Winter is coming!
After the airfix models we decided that we wanted to do more gaming and less model making and painting…….(although both the headmaster (Jeremy) and myself had to spend our summer painting an army each)
The Perry Twins had very kindly donated several boxes of their excellent plastic medieval figures to the school. We divided up the figures into two armies and made sure we had some figures left over to give to the children, which they painted and took home.
We had also been given a great set of rules called St Crispins Day by one of my friends Al, who had used them at a demonstration game at the Leeds armouries.
Each child was in charge of 9 figures in groups of 3, unless they controlled cavalry, then their retinue was only 3 mounted Knights.
We had several excellent games with these figures on a 4x6foot battle field over the next 20 weeks with 2 different club groups.
We ordered some Spitfires for our next set of 10 weeks, then for the next some Bf 109Es The hope being that once the models were assembled and painted we could have a table top battle with some basic rules. The children had been studying WW2 so knew some information about the Battle of Britain. We started with a little talk about what we would be making and a bit of back ground history, which often involves some books or watching some clips on “youtube” and often bringing in our own models to show them. Then it was down to business.
BF 109 table
Display models as reference.
Once complete we use plastic cups as flight stands and have a table top battle, this is the 109 flying circus, some of the children kept to the basic camouflage, and others liked to do their own thing which is fine, its about having fun.
Some battle shots, cotton wool smoke/damage markers.
Sometimes we bring in our own models to add a bit more variety!
My wife is a teacher in a first school and I often have to help out making models and doing various arty things for her displays and topics, so it seemed like a natural move to do an after school club that revolved around model making or gaming.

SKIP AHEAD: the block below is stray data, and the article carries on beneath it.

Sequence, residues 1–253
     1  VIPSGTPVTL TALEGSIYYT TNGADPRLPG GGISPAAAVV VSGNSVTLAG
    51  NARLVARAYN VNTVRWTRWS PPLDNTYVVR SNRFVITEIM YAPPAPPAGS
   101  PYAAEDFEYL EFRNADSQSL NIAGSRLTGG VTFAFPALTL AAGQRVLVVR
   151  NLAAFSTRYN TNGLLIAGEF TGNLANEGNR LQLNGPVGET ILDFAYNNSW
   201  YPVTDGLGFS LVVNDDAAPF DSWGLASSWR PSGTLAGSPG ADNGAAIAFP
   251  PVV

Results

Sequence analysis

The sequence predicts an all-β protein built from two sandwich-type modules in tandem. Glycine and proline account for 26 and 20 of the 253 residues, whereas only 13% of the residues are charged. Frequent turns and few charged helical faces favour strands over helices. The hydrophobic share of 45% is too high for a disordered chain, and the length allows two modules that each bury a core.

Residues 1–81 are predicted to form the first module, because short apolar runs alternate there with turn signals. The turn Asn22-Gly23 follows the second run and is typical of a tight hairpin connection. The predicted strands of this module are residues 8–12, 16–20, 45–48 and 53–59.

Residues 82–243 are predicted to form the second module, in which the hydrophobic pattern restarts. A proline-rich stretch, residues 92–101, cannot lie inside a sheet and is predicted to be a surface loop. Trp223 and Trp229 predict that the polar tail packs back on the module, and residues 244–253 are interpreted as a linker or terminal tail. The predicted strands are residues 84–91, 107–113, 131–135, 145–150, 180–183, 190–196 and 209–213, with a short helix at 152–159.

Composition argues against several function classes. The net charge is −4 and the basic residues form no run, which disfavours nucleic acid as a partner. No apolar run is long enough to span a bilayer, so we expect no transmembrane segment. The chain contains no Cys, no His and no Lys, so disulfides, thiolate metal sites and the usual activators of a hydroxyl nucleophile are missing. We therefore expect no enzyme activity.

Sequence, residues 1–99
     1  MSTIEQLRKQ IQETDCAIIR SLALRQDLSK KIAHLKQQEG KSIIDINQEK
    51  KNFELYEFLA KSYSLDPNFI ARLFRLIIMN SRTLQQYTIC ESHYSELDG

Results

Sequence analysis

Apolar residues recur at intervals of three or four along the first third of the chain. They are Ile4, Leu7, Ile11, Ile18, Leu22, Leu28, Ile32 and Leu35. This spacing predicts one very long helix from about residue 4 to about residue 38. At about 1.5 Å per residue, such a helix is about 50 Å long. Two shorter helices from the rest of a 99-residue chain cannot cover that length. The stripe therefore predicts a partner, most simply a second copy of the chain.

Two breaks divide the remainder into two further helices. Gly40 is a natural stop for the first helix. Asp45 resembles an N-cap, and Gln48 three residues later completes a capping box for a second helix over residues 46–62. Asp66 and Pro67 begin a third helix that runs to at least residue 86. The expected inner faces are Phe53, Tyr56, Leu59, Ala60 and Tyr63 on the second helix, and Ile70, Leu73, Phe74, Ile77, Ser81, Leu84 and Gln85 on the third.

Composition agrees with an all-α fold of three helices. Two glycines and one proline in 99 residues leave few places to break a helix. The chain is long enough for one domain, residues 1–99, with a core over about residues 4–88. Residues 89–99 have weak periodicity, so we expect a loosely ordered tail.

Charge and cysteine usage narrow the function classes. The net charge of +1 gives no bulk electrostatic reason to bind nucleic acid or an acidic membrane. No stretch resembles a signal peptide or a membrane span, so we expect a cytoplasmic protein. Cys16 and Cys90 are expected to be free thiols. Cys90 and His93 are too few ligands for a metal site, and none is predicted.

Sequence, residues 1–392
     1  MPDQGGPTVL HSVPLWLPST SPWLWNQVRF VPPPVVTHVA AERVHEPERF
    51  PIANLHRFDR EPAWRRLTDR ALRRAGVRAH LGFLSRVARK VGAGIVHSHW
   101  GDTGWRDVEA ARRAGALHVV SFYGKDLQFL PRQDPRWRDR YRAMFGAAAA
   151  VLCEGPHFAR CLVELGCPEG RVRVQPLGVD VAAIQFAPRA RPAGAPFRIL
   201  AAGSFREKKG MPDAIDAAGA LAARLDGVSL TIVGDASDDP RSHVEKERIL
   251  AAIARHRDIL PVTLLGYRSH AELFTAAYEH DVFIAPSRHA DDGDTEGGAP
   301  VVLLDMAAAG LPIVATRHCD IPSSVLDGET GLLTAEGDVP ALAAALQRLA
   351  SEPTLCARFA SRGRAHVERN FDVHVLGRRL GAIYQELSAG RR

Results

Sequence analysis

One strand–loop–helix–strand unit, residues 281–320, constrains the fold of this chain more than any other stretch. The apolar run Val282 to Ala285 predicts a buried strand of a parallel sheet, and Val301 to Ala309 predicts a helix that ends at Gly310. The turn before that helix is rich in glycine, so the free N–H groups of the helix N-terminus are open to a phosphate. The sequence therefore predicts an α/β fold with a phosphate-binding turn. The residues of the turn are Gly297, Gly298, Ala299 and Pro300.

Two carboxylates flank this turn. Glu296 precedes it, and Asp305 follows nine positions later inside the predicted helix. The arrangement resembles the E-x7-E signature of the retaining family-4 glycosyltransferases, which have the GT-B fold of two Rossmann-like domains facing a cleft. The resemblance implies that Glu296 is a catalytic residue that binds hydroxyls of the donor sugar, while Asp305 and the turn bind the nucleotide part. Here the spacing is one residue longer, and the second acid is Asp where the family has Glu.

So, about 3 years ago I started a model club which I co run with the headmaster Jeremy. We wanted to try and give the kids of year 3 and 4 a chance to experience model making and trying to bring in some new recruits to our hobby, and give them something else to do and think about apart from their phones!
One of the main issues with an after school club is funding it, models are expensive and children can’t really afford to bring in much more than £4 for their club subs, and that might cover a 10 week period.
A good place to start is Airfix, we knew they had some offers on for schools so we checked out their website and found that we could order enough WW1 British Mk 1 Tanks to start a club of around 10 or 12. the offer included some paint and brushes which really helped and some glue…..and it was all within budget.
I decided to add a little display base for the model to show some them some basic basing techniques.
After several weeks of construction, the fun started with the painting, especially the camouflage! The bases took several days to dry and did have a lot in common with the gloopy conditions in the trenches.
I failed to take a group shot of the models, which is a bit disappointing.
Overall we felt the WW1 tanks were a bit tricky for the children to start with, so for our next group we moved onto Aircraft.